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SS CHUSAN – P&O LINES – THE LINER WAS KNOWN AS “THE HAPPY SHIP”

CRUISING THE PAST: SS CHUSAN – P&O LINES – THE LINER WAS KNOWN AS “THE HAPPY SHIP”

CRUISE LINE HISTORY: The SS CHUSAN was a smaller version of the Himalaya and was designed as the principal element in the postwar regeneration of the Indian and Far East service.

Indeed in some ways she was a long overdue replacement for the celebrated Viceroy of India that had been tragically lost during the Second World War.

Like her celebrated predecessor she introduced superior standards on the route to the Orient and the Far East.

Public Rooms on the “The Happy Ship”

Design & Construction (1946 – 1950):

She had been ordered in May 1946 and she was built by Vickers Armstrong Ltd, Barrow in Furness. Her keel was laid in February 1947. She was launched on the 28th June 1949 by Viscountess Bruce (wife of Viscount Bruce of Melbourne and a P&O Director) and she underwent sea trials in June 1950. She was delivered to P&O on the 14th June 1950. She was the largest and last ship built for P&O’s Far East Service and was the first ocean going passenger ship fitted with anti-roll stabilizers.

She had been scheduled to make four North Atlantic voyages on charter to Cunard Line, but was delayed, so her first voyage was to Rotterdam with British officials attending a freight conference. The Stratheden took her place on the Cunard charter.

This photo is of young officers aboard the Chusan, 1967,  The UK still had a very large merchant Navy and many passengers ships.

P&O Years (1950 – 1970):

On the 1st July 1950 she sailed on her maiden commercial sailing which was a 9 day cruise from Southampton to Madeira and Lisbon. On the 15th September 1950 she then sailed on her maiden voyage from London (Tilbury) to Bombay via Suez.

On the 7th November 1950 she finally sailed on her maiden voyage on the service for which she was intended, departing London (Tilbury) bound for Hong Kong. Thereafter she continued to China and the Far East working in partnership with the Corfu, Carthage and Canton. Thus in November 1950 she had the honor of reinstating P&O’s service to Japan and made the first postwar call at Yokohama.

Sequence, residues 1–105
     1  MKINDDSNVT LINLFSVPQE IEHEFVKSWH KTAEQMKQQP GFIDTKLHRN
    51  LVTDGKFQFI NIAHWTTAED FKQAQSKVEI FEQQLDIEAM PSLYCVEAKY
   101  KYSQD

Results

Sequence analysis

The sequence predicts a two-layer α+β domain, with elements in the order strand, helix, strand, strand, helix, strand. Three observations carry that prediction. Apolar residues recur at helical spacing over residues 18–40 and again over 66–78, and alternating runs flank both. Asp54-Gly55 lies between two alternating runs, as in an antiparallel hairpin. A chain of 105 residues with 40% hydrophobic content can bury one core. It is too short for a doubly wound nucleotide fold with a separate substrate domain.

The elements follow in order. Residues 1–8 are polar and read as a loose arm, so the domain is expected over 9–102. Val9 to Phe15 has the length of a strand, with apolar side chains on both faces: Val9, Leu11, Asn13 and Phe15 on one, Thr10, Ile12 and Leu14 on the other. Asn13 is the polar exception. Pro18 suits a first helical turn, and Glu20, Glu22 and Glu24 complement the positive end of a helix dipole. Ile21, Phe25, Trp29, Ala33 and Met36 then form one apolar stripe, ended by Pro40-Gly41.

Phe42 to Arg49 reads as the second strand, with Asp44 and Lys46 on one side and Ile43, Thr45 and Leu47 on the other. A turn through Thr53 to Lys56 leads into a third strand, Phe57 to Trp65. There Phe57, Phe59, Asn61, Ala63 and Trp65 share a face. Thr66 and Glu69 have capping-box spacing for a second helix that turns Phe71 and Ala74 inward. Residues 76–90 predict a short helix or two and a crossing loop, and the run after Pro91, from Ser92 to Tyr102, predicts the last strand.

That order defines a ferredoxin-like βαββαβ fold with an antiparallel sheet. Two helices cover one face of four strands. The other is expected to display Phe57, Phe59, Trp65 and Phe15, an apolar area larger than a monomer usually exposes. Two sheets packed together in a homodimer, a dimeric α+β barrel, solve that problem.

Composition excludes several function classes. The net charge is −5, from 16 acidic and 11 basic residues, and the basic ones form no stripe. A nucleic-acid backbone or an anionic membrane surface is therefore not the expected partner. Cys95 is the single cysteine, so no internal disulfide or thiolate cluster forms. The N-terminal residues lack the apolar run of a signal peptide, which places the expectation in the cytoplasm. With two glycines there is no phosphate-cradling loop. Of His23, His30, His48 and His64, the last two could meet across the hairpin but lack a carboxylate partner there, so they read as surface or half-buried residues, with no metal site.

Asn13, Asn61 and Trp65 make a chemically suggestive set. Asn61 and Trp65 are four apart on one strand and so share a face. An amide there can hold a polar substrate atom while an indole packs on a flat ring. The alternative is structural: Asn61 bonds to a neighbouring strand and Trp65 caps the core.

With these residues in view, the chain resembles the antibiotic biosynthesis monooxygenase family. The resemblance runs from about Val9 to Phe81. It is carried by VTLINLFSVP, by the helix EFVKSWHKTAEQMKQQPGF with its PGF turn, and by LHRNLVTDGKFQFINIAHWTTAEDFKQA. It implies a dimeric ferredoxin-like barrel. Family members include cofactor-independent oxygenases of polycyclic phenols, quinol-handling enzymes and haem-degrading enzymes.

In May 1952 she was fitted with the Thornycroft funnel top in order to reduce smuts by R & H Green & Silley Weir Ltd at Tilbury. On the 12th June 1953 she collided with the cargo ship Prospector off the Goodwin Sands. She returned to Tilbury for two days of repairs to an 8 metre gash in her bow. In March 1955 she landed a passenger with smallpox at Port Said. On the 2nd September 1955 she received a bomb hoax during a Mediterranean cruise and as a result the ship was thoroughly searched at Naples.

In 1959 her passenger capacity was revised to 464 first class and 541 tourist class. In April 1954 she departed London (Tilbury) for a 92 day round-the-world voyage, which was P&O’s first.

Crossing the Equator Ceremony SS CHUSAN

From December 1959 to March 1960 she was refitted at Harland & Wolff Ltd, Belfast and fitted with air conditioning throughout the ship.

In May 1960 her management and operation was transferred to P&O-Orient Lines. In June 1963 she was transferred from the UK to Far East Service and onto the UK to Australia service. In the early 1960s the Chusan was taken off the Far East service and operated cruises before being transferred to a new regular service linking Australia and Yokohama with a call at Hong Kong.

Chusan in Sydney.

In October 1966 her management and operation transferred to P&O Lines. Her passenger capacity was revised again to 455 first class and 517 tourist class.

The Final Years (1970 – 1973):

In January 1970 she had the honor of sailing the final London to India service leaving London on the 15th Sep 1970, thus ending P&O’s long association with India. In July 1970 she suffered a fire in the funnel uptakes while docked in Southampton.

In October 1971 her management and operation was transferred to the P&O Passenger Division. From December 1971 to January 1972 she operated P&O’s first cruise program out of Cape Town.
On the 26th March 1973 she arrived back in Southampton at the end of her final commercial voyage. She was retired from service and sold to Mitsui & Co. who in turn sold her to Chou’s Iron & Steel Company Ltd for scrapping. She arrived at Kaoshiung, Taiwan on the 1st July 1973 and demolition commenced in September 1973. A sad end to a fine ship.